By Kay Caldwell
I recently spoke at a conference for Meeting Planners International in Houston and they scheduled my stay at the Four Seasons hotel. The first step out of my cab, the doorman raced to welcome me and take my bag inside. He walked me to the front desk and asked if I wanted to check my bag with him or if I’d like someone to take it to my room. The next experience was with a cordial front desk person. He had everything ready in seconds and handed me my room key. Now, instead of sending me on my way, he escorted me to the elevator around the corner and hit the button for my floor. Before I could thank him he asked, “Is there anything else I may assist you with Ms. Caldwell?” I heard this statement from every staff member I came in contact with over the three days.
First impressions are a big deal to me (after all, we only get one chance to make a first expression). But my Four Seasons’ customer service experience was exceptional during my entire stay. For example, the hotel manager sent me a different box of candy every evening with a personal note thanking me for staying at the Four Seasons. They made me feel special.
It was so refreshing to receive exemplary customer service that I have been telling everyone how wonderful my experience was at the Four Seasons. Unfortunately, that experience is the exception rather than the rule nowadays. But it shouldn’t be. I became a customer service fanatic working at Southwest Airlines. We sold Customer Service (we just happened to sell airlines seats in the process). I know when it is good or bad, we all do. I think customer service can be defined simply. Here’s what it is for me:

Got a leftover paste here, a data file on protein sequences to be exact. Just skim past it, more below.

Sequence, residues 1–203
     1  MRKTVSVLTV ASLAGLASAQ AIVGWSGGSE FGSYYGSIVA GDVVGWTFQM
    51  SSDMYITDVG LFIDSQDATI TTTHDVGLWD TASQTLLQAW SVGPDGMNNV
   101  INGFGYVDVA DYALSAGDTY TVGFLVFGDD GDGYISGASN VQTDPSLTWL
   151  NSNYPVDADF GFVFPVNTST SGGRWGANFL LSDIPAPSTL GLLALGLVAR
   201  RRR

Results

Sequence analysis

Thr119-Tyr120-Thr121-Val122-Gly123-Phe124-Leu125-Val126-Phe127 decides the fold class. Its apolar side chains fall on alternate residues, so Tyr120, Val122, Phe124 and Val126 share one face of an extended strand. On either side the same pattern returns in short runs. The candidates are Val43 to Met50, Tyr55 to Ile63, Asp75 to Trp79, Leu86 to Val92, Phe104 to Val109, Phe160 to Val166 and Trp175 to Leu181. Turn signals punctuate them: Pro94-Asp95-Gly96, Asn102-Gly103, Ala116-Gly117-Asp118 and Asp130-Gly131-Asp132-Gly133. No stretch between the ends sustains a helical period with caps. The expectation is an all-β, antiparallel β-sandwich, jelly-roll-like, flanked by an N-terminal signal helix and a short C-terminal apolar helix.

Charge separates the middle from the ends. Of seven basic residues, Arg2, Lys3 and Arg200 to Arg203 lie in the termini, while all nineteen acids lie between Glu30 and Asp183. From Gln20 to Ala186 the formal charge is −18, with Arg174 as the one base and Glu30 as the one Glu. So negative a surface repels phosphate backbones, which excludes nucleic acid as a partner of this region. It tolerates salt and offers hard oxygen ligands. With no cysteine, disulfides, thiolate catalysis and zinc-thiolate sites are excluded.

• Infinity — which is immeasurable greatness
• Delicacy — sensitive to others’ feeling, tactful in interactions, treat someone the way you want to be treated
• Accountable — being responsible for your own actions and proud of those actions because you did the right thing
• Integrity — people know your word burns like a lamp — they can count on you
• Establish Trust — let people get to know you and what to expect
• Common Sense — it is a gift. In Latin it means common feeling of humanity
• Servant Heart — care, build valued relationships, show compassion always
More than anything else customer service is about serving. And serving is a matter of the heart. Heart is the key to understanding others. If we listen to our heart, we do the right thing. Heart is about listening to that voice inside. In our daily walk throughout life, we have the opportunity to touch the lives of countless individuals. “Heart,” says Michael Jordan, “is what separates the good from the great.”
Each individual I encountered at the Four Seasons had to choose to deliver great customer service. Have you ever wondered what words people use when they describe you? Great, remarkable, average, mediocre? You can be great because you have the power to make a difference, to make people feel special — just like I felt during my stay at the Four Seasons. How exciting it is to know you can choose to create a memorable experience for someone else. And when you do, you create a memorable experience for yourself.